One reader writes: (1) Do the Greek terms used in John 20:5-8 or Luke 24:12 give any definite indication how the grave-clothes of Jesus were lying in the sepulchre—whether (a) lying flat or collapsed; (b) stiffened and retaining the form of the body by the congealing of the spices; or (c) folded, as described in Nazareth Revisited? (2) Does the expression “wrapped together” mean that the napkin was still twisted into the shape of a turban? (3) Can any inference be safely drawn from the absence or mention of the spices, such as that they were still undisturbed within the folds of the linen? (4) What is to be gathered from the special emphasis which John places on the fact that the napkin was apart from the sindon, “in a place by itself,” coupled with Luke’s expression that the linen clothes were “laid by themselves”? (6) Supposing the reply should be affirmative for (a) or (b), would that lead to any conclusion as to the qualities of the resurrection body? Would it imply that though it “hath flesh and bones” it has not the same physical limitations as the “natural body,” but could pass out of the wrappings without disturbing them?

Answer: This enquiry sets out with definiteness and clearness a number of questions which have been put to us by others. We have numbered the questions and will answer them seriatim at the end.

The ideas behind this enquiry were put forward in a book, The Risen Master, by Henry Latham, M.A., published in 1901. Latham’s thesis was not original, but was based, with all acknowledgments, upon a pamphlet written more than 20 years earlier by Arthur Beard. Latham says, “I make out that John would have us understand that the body had disappeared out of the grave-clothes, as though it had passed into air, leaving them, flat and fallen together, on the stone slab.” He quotes Beard as follows: “John saw all this, and understood that the Lord had risen, because the grave-clothes were undisturbed…we understand from his history that when Jesus rose from the dead, He withdrew from His grave-clothes without disturbing their arrangement; on His retiring from them, the linen clothes fell flat on the rock, because their support was withdrawn, and because they were borne down by the hundred pounds’ weight of aloes and myrrh.” Latham speaks of the body “quietly exhaling into space.”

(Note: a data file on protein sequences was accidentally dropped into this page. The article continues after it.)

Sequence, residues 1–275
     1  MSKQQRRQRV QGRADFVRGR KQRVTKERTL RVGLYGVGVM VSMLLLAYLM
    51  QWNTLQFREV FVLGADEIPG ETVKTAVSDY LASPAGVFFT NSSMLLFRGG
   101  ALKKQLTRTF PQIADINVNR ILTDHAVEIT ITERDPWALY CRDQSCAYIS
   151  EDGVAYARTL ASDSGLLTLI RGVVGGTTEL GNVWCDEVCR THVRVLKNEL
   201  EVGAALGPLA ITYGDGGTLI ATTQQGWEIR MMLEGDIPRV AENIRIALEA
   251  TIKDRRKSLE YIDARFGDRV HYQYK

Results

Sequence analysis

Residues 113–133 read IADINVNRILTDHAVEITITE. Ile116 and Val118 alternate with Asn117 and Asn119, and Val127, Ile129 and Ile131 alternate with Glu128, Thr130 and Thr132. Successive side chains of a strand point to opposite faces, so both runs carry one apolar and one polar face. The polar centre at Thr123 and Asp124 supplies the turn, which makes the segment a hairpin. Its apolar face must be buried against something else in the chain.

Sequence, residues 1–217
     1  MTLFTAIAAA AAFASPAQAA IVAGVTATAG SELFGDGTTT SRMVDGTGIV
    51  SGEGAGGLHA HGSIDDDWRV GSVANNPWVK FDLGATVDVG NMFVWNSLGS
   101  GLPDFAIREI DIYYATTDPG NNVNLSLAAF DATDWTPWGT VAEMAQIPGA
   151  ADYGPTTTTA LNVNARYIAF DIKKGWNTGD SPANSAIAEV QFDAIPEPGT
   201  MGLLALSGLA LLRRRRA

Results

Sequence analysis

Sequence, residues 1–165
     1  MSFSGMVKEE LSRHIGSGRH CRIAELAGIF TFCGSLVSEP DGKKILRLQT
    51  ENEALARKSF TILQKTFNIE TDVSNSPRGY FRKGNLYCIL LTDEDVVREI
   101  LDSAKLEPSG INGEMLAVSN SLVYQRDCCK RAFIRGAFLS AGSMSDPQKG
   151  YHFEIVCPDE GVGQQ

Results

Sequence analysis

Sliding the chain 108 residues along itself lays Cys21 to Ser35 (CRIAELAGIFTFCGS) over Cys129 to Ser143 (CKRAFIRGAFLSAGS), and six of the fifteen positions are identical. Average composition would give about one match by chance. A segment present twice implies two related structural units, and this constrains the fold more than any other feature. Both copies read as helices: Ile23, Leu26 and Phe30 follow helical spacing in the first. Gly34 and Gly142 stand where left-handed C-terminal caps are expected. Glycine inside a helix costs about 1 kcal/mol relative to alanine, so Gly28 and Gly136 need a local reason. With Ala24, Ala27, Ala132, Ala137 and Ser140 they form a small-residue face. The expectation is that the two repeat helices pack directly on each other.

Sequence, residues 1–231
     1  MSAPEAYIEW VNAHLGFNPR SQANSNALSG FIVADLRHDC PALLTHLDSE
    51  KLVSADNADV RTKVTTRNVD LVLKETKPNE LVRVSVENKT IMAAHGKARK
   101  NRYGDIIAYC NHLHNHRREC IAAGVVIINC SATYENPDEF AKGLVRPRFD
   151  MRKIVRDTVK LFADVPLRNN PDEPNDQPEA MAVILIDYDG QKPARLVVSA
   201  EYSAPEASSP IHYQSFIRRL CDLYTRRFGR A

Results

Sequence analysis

Latham lays stress on the spices, and a sentence or two are interesting in connection with these questions. He says: “There is one point of which I shall make much, but which I have hardly seen noticed in books. It is the matter of the hundred pounds’ weight of spice. This spice was dry; the quantity mentioned is large; and if the clothes had been unwrapped, the powdered myrrh and aloes would have fallen on the slab, or on the floor, in a very conspicuous heap.” He then finds evidence that the clothes were not unwrapped from the omission of any reference in the narrative to these spices heaped together. But this is of doubtful value as proof. He quotes Ellicott (we have verified the reference): “The myrrh and aloes were probably mixed, and in the form of a coarse powder freely sprinkled between the clothes with which the body was swathed.”

So far as our investigations have gone practically all writers who put forward this grave-clothes theory quote Latham. A modification of Latham’s view is to be found in a book, The Empty Tomb and the Risen Lord, by C. C. Dobson. The same author had previously written The Story of the Empty Tomb and a pamphlet The Tomb of our Lord and what happened there, neither of which are now available. This writer mentions the Christadelphians in a way that indicates his view is opposed to theirs. He says: “One cannot but feel that in God’s own wisdom this new light has of wise purpose been withheld until such time as the present, when the divinity of Our Lord and the fact of His Resurrection are being more especially challenged by Unitarians, Christadelphians, Christian Scientists, and a host of others, and perhaps most of all by modern Spiritualists.” Here is indeed a strange assortment; and it is difficult to fit ourselves into the same mould as the others named. The doctrine of the Trinity we of course repudiate; and this may be what is meant by the challenge to the divinity of Christ. But our ardent belief that Jesus was the Son of God separates us from the others. And as for the resurrection of Christ, for over 50 years the cover of The Christadelphian has carried the words “Christ rose.”